Noncompete rule could have big impact

Noncompete rule could have big impact

The Federal Trade Commission voted last month to issue a final rule prohibiting most noncompete agreements, including for physicians. The rule takes effect 120 days after formal publication but is facing legal challenges that could delay or block its implementation.

The rule could have a big impact on healthcare. Between 37% and 45% of physicians are affected by noncompete agreements, according to the American Medical Association, which supported the new rule.

The FTC does not have jurisdiction over nonprofit entities, so the rule doesn’t apply directly to nonprofit hospitals or medical practices. However, the commission reserved the right to evaluate an entity’s nonprofit status and said some “entities that claim tax-exempt nonprofit status may, in fact, fall under the Commission’s jurisdiction.”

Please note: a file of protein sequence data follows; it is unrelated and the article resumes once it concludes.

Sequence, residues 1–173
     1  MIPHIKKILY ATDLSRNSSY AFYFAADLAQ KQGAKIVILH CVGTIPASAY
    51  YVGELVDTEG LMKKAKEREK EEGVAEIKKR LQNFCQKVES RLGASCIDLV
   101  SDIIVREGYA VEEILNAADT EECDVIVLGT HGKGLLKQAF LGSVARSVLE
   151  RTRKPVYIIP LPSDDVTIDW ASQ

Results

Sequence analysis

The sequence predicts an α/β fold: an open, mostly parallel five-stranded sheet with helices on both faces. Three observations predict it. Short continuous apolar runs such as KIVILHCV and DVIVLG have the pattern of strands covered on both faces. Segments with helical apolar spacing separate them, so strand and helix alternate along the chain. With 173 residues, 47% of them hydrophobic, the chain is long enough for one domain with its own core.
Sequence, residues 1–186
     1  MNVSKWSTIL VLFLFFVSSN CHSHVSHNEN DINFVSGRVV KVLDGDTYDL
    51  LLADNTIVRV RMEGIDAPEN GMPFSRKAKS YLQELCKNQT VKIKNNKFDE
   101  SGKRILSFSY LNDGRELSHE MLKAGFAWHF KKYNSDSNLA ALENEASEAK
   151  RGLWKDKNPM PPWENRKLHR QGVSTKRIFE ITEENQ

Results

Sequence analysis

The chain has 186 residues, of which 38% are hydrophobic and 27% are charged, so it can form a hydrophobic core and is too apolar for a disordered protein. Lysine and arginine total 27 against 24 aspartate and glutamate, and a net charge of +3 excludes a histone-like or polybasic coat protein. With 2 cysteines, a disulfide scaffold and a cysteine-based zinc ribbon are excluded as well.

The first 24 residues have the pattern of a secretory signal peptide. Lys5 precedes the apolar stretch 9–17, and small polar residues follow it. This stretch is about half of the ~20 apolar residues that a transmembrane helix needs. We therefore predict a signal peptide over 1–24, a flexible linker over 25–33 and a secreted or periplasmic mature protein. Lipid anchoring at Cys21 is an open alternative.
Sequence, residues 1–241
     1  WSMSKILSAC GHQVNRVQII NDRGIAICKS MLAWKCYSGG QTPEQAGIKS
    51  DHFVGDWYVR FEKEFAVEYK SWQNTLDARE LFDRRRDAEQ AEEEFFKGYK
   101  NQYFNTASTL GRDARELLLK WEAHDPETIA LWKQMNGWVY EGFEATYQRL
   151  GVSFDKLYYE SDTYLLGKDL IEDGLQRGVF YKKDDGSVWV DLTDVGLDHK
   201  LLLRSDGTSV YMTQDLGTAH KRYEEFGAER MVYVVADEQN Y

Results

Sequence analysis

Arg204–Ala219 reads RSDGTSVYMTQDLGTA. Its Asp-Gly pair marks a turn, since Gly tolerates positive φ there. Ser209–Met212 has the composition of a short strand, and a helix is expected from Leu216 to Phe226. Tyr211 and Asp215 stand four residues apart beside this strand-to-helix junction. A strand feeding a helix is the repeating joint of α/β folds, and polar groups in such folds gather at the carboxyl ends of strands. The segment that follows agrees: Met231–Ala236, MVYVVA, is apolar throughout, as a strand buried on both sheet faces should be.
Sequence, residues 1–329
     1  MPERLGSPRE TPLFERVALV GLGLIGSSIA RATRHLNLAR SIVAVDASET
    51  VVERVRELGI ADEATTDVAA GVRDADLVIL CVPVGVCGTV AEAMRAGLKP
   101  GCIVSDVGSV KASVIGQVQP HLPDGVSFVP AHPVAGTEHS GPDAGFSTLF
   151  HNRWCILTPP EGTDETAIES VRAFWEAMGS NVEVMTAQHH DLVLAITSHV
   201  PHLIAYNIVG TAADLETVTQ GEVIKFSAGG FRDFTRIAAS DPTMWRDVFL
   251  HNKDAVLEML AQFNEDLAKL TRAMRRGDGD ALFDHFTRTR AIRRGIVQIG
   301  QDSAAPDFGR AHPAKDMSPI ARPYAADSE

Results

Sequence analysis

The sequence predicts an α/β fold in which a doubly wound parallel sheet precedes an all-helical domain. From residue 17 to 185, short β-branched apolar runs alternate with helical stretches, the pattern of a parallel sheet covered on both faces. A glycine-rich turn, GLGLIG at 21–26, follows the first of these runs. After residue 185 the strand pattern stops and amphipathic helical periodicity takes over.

The rule also would not apply to noncompetes tied to the sale of a business, such a physician practice. Those would still be allowed under the FTC rule.

The AMA argued that noncompetes can be especially problematic for residents, fellows and young physicians by limiting their opportunities for advancement and restricting their ability to provide care in economically or socially marginalized communities. It said removing noncompete clauses could improve patient access, enhance the availability of specialist coverage in a community and reduce health inequities by allowing physicians to work for multiple hospitals.

Opponents of the rule argue that noncompetes are necessary to recruit and retain workers, and that the rule creates an uneven playing field between for-profit and nonprofit hospitals.

“The only saving grace is that this rule will likely be short-lived, with courts almost certain to stop it before it can do damage to hospitals’ ability to care for their patients and communities,” said Chad Golder, general counsel of the American Hospital Association.

Jeremy Hill, director of the Center for Economic Development and Business Research at WSU, said the rule, if it stands, will push employers to do more to make employees want to stay. Foulston Siefkin law firm in Wichita said in an issue alert last year that healthcare organizations should consider using nondisclosure and confidentiality clauses and/or nonsolicitation clauses as alternatives to noncompetes.